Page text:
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Talking to Your Doctor About Epilepsy

Talk with your doctor about epilepsy. Talking openly and often with your doctor can help you make the best choices.

Tips for Talking to Your Doctor

Here are some tips that will help:

  • Bring someone with you. It helps to have one more person hear what is said and think of things to ask.
  • Write your questions so you do not forget them.
  • Write down the answers you get and make sure you grasp what you are hearing. Ask for help if you need to.
  • Do not be afraid to ask your questions or ask where you can find out more. You have a right to know.

Some Questions to Ask Your Doctor

About Epilepsy

  • What causes it?
  • Does having a seizure mean that I have it?
  • What are the health problems that could happen?
  • Can it cause death?

About Your Risk of Getting Epilepsy

  • Can I lower my risk?
  • One of my parents has epilepsy. Does that mean I will get it too?

About Treatment

  • Is medicine the best way to treat my epilepsy?
  • Will I have to take it for the rest of my life?
  • How will it help? What side effects might happen?
  • Medicine is not helping me. Are there other things I can try?
  • When should I think about surgery as a choice?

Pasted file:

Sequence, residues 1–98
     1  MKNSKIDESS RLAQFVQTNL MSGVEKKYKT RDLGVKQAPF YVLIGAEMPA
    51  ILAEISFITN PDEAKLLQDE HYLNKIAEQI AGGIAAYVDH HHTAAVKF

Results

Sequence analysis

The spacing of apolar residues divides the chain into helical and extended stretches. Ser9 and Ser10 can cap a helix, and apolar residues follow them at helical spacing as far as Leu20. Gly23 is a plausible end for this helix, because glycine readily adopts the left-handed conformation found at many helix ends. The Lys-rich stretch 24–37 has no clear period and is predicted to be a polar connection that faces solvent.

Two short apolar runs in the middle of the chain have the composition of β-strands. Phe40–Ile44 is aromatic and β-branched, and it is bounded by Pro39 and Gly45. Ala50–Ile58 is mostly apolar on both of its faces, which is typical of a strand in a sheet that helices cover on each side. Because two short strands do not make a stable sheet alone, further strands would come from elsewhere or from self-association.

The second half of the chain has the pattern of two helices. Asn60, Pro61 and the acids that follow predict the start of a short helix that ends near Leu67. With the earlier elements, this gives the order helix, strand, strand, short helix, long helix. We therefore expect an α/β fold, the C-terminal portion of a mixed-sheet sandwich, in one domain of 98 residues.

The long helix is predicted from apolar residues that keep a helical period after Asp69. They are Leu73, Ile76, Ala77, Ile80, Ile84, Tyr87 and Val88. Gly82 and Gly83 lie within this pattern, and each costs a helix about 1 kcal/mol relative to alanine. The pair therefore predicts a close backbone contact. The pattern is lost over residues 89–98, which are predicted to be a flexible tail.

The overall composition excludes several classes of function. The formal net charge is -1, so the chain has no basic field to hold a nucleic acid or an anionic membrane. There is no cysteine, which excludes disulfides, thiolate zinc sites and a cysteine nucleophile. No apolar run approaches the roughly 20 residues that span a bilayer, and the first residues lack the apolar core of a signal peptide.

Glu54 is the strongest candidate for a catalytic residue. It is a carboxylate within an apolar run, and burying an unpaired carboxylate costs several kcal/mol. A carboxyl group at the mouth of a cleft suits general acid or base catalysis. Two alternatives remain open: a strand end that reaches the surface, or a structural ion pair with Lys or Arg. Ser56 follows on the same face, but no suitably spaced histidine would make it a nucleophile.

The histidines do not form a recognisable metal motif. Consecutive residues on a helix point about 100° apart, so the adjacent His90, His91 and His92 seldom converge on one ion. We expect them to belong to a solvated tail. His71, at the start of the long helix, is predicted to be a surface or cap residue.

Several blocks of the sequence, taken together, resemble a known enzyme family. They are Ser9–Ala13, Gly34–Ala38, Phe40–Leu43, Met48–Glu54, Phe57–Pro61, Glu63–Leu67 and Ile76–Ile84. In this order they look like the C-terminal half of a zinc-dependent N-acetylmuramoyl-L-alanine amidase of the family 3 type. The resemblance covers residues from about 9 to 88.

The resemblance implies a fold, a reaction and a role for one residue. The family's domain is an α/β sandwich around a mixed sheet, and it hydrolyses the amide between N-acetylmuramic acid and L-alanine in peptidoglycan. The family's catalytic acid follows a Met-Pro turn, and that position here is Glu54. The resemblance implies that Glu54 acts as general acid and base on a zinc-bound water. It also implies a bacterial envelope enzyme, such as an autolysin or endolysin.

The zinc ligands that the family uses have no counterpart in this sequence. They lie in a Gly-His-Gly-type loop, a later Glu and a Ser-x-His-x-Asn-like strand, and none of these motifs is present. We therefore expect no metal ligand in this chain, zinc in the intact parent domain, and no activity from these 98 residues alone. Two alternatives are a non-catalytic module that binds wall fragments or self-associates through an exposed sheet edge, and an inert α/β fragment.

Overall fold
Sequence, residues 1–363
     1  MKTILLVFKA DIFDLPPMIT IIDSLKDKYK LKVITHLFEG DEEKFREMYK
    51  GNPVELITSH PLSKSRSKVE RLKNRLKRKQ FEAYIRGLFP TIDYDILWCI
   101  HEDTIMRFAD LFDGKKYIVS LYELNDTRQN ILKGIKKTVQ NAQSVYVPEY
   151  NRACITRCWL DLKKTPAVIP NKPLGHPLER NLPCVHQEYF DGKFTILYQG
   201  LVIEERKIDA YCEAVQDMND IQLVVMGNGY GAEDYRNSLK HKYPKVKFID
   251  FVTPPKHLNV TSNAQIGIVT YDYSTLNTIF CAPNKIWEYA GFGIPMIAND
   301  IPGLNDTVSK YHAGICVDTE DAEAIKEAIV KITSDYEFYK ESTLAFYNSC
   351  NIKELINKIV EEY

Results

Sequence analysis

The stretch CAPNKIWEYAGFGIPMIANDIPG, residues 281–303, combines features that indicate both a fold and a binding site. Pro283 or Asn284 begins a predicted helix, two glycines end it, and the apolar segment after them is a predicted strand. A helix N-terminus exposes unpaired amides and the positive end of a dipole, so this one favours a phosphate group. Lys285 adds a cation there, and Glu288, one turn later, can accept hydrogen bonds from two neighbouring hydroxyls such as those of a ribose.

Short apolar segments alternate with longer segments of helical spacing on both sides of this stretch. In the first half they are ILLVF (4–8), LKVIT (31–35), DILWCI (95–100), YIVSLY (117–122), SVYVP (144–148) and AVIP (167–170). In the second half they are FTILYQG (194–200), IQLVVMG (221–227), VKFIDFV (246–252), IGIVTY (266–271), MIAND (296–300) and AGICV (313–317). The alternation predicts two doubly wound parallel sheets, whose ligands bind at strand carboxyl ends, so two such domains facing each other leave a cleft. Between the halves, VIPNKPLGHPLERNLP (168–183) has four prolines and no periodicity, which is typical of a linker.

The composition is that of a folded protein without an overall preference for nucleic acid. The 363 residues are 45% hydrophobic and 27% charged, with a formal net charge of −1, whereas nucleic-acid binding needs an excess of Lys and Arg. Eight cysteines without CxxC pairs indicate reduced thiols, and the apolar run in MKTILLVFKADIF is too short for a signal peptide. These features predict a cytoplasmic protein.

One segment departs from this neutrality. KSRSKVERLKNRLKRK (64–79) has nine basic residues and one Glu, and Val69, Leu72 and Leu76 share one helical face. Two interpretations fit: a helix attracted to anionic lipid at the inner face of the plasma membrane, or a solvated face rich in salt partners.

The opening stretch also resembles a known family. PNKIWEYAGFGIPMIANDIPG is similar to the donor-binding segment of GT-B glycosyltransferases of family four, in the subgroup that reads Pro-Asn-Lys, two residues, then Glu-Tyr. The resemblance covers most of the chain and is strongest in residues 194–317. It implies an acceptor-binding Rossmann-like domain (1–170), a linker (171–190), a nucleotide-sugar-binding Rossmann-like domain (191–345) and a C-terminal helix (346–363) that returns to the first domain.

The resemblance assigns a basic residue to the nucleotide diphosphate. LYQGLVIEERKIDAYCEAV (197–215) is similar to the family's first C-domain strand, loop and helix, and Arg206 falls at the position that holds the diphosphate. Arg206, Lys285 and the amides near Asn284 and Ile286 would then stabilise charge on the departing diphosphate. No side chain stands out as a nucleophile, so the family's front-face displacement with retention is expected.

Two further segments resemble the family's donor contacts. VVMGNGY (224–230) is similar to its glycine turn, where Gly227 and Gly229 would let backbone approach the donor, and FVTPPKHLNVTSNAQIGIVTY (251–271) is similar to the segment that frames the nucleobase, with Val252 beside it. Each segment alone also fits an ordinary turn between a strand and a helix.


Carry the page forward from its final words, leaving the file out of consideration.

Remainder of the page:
• Can surgery cause other problems with my brain?
  • What is the success rate?
  • Which surgery is best for me?
  • What are the health problems I could have from it?
  • Are there any other therapies that I should think about getting?

About Lifestyle Changes

  • Are there things that I do that I may have to stop doing?
  • What are the rules about driving? Will I be able to drive?
  • Will I be able to work?
  • Do I have to tell my boss?
  • Is it safe for me to get pregnant?
  • Is it okay to take birth control pills and seizure medicine?
  • Will my seizure medicine cause problems with my other medicines?

About Outlook

  • How well does medicine control epilepsy?
  • Can I live a normal life on medicine?
  • Can I live a normal life after surgery?
  • Are there support groups for people and their loved ones?
REFERENCES:

Epilepsy in adults. EBSCO DynaMed Plus website. Available at:http://www.dynamed.com/topics/dmp~AN~T115086/Epilepsy-in-adults. Updated November 9, 2018. Accessed March 26, 2019.

Epilepsy in children. EBSCO DynaMed Plus website. Available at:http://www.dynamed.com/topics/dmp~AN~T900174/Epilepsy-in-children. Updated March 22, 2018. Accessed March 26, 2019.

Epilepsy information page. National Institute of Neurological Disorders and Stroke website. Available at: https://www.ninds.nih.gov/Disorders/All-Disorders/Epilepsy-Information-Page. Updated June 18, 2018. Accessed March 26, 2019.

National Institute for Health and Clinical Excellence (NICE). The epilepsies: the diagnosis and management of the epilepsies in adults and children in primary and secondary care. NICE 2012 Jan:CG137.

Tips for talking to your doctor. Family Doctor—American Academy of Family Physicians website. Available at: https://familydoctor.org/tips-for-talking-to-your-doctor. Updated June 19, 2018. Accessed March 27, 2019.

Last reviewed March 2019 by EBSCO Medical Review Board Rimas Lukas, MD  Last Updated: 3/26/2019